CLEON

But look what heaven can do! At one time, the earth, sea, and air were hardly enough to content and please our mouths, though they gave us all the food we needed to survive. Just as houses become run-down from lack of use, our mouths are now starved for lack of exercise. Two years ago we looked for the best recipes to please our palates; now we'd be happy to get a crust a bread, and beg for it. Women who once happily nursed their babies would hardly think it strange that they would now want to eat them. Hunger is such a grim reality that husbands and wives take bets on which of them will die first. Look, there's a man, and there's a woman crying. Here so many are sick that, even when someone dies, no one has the strength to bury them. Isn't this true?

DIONYZA

Our cheeks and hollow eyes do witness it.

DIONYZA

You can tell by our sunken cheeks and hollow eyes.

CLEON

O, let those cities that of plenty's cup And her prosperities so largely taste, With their superfluous riots, hear these tears! The misery of Tarsus may be theirs.

CLEON

Oh, if only the cities that have enough, who enjoy the tastes of prosperity, with their superfluous riots, would hear these tears! One day, they could be as miserable as Tarsus.

Enter a Lord

LORD

Where's the lord governor?

LORD

Where's the governor?

CLEON

Here.Speak out thy sorrows which thou bring'st in haste,For comfort is too far for us to expect.

CLEON

Here. Tell me the bad news that you hurried to bring us; I can't imagine it's good news you bring.

LORD

We have descried, upon our neighbouring shore,A portly sail of ships make hitherward.

LORD

We can make out, on the opposite shore, a large group of ships sailing this way.

CLEON

I thought as much. One sorrow never comes but brings an heir, That may succeed as his inheritor; And so in ours: some neighbouring nation, Taking advantage of our misery, Hath stuff'd these hollow vessels with their power, To beat us down, the which are down already; And make a conquest of unhappy me, Whereas no glory's got to overcome.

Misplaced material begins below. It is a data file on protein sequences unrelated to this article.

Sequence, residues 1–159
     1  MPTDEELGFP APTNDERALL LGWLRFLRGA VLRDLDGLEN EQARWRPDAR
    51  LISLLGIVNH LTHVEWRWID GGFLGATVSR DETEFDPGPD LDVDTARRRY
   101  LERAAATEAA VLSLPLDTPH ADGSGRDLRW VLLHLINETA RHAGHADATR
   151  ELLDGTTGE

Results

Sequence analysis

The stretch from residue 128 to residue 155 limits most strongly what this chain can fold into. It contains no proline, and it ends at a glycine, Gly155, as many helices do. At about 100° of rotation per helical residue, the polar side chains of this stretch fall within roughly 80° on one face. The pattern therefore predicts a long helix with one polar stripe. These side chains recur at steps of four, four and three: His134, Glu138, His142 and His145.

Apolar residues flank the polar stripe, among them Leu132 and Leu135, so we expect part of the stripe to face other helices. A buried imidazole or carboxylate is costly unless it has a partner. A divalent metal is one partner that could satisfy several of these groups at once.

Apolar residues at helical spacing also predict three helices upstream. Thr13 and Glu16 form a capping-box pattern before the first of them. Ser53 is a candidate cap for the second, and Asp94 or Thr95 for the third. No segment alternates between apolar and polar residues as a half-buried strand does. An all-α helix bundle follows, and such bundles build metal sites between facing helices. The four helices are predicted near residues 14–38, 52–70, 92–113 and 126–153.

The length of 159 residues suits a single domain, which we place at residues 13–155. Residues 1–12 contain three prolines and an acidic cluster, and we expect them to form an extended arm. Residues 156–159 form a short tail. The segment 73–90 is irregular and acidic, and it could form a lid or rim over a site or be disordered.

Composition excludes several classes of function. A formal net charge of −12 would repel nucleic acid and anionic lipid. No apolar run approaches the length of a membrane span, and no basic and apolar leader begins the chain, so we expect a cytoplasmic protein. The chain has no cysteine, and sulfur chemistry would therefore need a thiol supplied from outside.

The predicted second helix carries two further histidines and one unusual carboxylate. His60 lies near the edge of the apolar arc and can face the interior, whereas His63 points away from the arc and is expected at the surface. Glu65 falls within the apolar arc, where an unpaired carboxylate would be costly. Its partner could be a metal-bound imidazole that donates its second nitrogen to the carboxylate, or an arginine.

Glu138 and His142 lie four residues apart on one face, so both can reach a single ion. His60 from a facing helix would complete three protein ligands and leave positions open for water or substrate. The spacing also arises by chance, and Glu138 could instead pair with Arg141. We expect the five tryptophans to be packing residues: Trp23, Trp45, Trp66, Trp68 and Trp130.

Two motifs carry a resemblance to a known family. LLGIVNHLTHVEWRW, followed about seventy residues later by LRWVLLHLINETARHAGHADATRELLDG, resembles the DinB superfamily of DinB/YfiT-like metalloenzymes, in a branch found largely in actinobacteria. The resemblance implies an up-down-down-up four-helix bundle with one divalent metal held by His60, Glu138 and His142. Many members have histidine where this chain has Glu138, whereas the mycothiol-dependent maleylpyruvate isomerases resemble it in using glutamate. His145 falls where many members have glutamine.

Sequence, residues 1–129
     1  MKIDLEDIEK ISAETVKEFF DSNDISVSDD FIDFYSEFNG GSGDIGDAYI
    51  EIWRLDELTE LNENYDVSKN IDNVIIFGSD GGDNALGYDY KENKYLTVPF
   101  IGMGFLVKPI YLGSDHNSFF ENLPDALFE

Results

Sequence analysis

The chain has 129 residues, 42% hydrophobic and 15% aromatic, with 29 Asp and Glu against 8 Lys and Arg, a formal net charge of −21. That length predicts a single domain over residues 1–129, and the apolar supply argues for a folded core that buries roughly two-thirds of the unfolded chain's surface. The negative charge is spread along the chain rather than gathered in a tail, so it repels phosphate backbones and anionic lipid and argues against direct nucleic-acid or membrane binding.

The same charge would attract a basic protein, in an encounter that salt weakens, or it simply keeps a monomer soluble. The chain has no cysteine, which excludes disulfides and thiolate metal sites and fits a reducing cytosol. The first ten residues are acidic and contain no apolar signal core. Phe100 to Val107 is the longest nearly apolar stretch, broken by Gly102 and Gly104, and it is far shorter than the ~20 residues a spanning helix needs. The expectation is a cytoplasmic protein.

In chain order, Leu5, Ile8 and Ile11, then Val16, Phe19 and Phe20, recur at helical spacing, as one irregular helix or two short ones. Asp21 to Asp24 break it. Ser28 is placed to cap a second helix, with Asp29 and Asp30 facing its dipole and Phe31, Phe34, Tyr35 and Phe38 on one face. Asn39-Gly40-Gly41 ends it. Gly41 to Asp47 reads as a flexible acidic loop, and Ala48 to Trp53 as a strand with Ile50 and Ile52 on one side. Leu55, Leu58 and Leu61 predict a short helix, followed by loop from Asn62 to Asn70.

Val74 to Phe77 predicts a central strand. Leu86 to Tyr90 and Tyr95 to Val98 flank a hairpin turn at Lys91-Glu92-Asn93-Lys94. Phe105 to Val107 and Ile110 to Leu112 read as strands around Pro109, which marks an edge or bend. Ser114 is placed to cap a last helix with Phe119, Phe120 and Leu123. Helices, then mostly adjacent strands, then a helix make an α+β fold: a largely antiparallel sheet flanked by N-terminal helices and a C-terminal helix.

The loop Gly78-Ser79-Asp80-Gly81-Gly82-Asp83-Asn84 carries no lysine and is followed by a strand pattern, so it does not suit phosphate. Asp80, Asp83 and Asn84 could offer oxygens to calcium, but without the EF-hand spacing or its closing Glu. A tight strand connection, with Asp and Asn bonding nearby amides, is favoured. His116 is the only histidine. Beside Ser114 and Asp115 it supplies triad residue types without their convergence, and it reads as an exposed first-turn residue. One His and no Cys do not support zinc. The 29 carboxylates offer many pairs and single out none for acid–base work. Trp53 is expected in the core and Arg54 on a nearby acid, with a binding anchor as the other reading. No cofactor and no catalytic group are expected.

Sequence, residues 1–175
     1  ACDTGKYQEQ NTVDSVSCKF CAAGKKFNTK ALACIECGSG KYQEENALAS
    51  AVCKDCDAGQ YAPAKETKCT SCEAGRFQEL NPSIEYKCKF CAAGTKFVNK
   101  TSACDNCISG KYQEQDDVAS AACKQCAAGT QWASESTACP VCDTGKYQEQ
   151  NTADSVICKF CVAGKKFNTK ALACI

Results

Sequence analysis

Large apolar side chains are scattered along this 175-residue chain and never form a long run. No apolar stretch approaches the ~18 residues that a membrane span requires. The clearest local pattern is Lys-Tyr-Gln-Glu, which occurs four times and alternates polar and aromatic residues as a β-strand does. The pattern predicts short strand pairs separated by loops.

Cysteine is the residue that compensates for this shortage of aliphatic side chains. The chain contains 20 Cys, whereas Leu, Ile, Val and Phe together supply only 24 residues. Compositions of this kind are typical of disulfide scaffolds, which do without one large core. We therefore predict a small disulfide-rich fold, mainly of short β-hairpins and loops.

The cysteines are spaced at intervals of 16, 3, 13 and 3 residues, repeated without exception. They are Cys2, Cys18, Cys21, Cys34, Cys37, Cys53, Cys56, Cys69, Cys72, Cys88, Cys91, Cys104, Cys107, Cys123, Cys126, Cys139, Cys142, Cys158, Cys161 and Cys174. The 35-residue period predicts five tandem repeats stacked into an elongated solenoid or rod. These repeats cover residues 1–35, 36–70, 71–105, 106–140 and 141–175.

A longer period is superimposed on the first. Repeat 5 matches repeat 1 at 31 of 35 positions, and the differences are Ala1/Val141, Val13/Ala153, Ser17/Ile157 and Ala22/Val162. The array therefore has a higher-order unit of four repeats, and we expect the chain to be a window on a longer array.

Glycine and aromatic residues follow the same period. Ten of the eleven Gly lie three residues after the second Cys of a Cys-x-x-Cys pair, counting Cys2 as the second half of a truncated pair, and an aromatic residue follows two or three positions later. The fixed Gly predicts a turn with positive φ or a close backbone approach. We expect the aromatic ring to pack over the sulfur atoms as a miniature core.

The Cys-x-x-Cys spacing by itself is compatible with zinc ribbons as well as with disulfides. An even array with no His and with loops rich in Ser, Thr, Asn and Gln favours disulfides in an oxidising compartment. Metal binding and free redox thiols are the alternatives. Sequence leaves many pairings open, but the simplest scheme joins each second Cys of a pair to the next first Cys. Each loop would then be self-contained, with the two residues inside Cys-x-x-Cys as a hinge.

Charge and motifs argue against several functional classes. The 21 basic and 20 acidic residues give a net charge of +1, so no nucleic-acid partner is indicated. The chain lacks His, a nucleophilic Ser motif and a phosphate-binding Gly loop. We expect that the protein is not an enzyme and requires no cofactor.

CLEON

I figured. It never rains but it pours; one struggle gives way to another. It's that way with us. Some nearby country is going to take advantage of our weakness. They've sent all these ships to kick us while we're down, and conquer us in our misery, though it'll hardly be difficult for them to overcome us.

LORD

That's the least fear; for, by the semblanceOf their white flags display'd, they bring us peace,And come to us as favourers, not as foes.

LORD

I don't think so. They're flying white flags to show they come in peace. They're coming as friends rather than as foes.

CLEON

Thou speak'st like him's untutor'd to repeat: Who makes the fairest show means most deceit. But bring they what they will and what they can, What need we fear? The ground's the lowest, and we are half way there. Go tell their general we attend him here, To know for what he comes, and whence he comes, And what he craves.

CLEON

You idiot, that doesn't mean anything! Those that seem to be the most kind are the most deceitful. But let them do what they will and what they can, why should we be afraid? Our lives couldn't be more miserable than they are now; we're halfway to the ground. Go, tell their general he can meet us here to announce why and from where he comes, and what he wants.

LORD

I go, my lord.

LORD

On my way, sir.

Exit

CLEON